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LegalGems, Lawyer
Category: Consumer Protection Law
Satisfied Customers: 10484
Experience:  Research Attorney; Private Practice; Attorney Mentor; Mediator
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I signed a page of notebook paper stating I was going to purchase

Customer Question

I signed a page of notebook paper stating I was going to purchase a car from my aunt. I had the car towed to my home to have it checked by my mechanic. When I tried to return the car she refused to take it back state she had no place to store the car so I agreed to allow her to store the care at my home while she put it up for sale. The title of for the car was never signed over to me. After 4 years she informed me she was taking me to court for the original amount she wanted for the car. She continued to refuse the car until the sheriff informed it was her legal property and I delivered the car to her. Do I have a legal responsibility to buy the car?
Submitted: 2 years ago.
Category: Consumer Protection Law
Expert:  LegalGems replied 2 years ago.
Hi!Customerhere. I'll do my best to assist you.I can only provide general information, so a follow up consult with a private lawyer is recommended.
Did the paper state the price of the car, payments etc?
Customer: replied 2 years ago.
Just the price of the car no payment agrement.
Expert:  LegalGems replied 2 years ago.
Thank you for that information.
So in order for there to be a contract, there needs to be an offer, an acceptance, intention of legal consequences, and consideration (basically a meeting of the minds).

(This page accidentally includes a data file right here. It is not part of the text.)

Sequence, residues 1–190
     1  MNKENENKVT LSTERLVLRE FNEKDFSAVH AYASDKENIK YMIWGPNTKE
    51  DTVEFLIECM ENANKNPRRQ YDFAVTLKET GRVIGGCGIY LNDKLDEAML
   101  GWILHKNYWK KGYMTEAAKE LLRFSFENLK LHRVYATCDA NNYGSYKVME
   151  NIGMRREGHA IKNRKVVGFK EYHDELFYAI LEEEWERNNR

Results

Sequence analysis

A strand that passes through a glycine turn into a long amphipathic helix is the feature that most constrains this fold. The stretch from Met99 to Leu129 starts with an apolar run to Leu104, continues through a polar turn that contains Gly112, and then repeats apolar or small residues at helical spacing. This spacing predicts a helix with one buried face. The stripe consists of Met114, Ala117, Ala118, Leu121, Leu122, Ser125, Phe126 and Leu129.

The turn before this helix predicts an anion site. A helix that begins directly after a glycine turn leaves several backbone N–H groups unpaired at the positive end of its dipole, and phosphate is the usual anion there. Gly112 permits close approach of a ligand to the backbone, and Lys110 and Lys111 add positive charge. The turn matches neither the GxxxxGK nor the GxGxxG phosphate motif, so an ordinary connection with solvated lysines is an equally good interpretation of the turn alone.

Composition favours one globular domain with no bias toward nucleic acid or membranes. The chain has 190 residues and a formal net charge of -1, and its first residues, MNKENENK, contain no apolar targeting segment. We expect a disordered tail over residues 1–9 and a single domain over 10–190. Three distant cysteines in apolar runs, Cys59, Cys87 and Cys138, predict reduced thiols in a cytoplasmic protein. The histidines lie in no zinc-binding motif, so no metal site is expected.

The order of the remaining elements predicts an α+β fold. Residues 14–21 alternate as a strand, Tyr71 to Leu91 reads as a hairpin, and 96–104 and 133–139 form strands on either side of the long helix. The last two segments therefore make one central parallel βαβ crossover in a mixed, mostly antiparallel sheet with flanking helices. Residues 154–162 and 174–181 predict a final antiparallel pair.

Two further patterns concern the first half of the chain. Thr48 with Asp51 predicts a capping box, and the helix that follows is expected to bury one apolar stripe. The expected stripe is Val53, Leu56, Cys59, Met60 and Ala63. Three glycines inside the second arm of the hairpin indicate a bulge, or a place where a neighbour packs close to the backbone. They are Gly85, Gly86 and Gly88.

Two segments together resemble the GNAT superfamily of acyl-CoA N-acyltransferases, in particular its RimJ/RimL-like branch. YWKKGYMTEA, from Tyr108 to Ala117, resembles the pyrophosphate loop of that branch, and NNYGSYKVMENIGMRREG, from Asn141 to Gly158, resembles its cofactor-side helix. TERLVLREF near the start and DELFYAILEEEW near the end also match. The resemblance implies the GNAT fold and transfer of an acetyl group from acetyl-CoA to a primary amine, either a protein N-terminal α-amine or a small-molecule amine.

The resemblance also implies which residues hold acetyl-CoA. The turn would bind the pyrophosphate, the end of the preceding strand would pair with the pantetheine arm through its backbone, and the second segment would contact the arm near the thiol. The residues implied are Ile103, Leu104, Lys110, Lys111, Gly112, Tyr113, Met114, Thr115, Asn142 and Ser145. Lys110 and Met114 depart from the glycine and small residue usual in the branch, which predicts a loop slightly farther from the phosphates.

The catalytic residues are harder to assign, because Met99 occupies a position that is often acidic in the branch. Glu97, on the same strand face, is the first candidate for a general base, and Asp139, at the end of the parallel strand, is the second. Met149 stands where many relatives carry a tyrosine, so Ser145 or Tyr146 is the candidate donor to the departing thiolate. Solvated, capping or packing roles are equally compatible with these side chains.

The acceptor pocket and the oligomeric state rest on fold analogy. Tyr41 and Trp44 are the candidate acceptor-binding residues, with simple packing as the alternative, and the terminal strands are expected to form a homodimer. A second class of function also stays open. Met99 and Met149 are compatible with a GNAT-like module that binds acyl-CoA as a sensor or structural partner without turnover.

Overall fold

The terms of the contract must be specific enough so that the court can determine the parties' intent so that a remedy is evident in the event of breach. (valid contracts can be enforced for 6 years per the statute of limitations contained here:
However, if a party rescinds a contract, that voids the contract. So even if there is a contract and the other party indicates an intention to void the prior contract, the rescission is effective if the intended "unwinding" of the contract is evident. If the title to the car was never transferred, and the monies never paid, and a subsequent agreement to store the car while the owner attempted to sell it to a third party, then the courts will generally find that to be a rescission, negating the existence of the contract.
If there was an agreement for storage fees, the owner of the car would be liable for that, along with any associated expenses in returning the car to the rightful owner (ie tow fees)
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Expert:  LegalGems replied 2 years ago.
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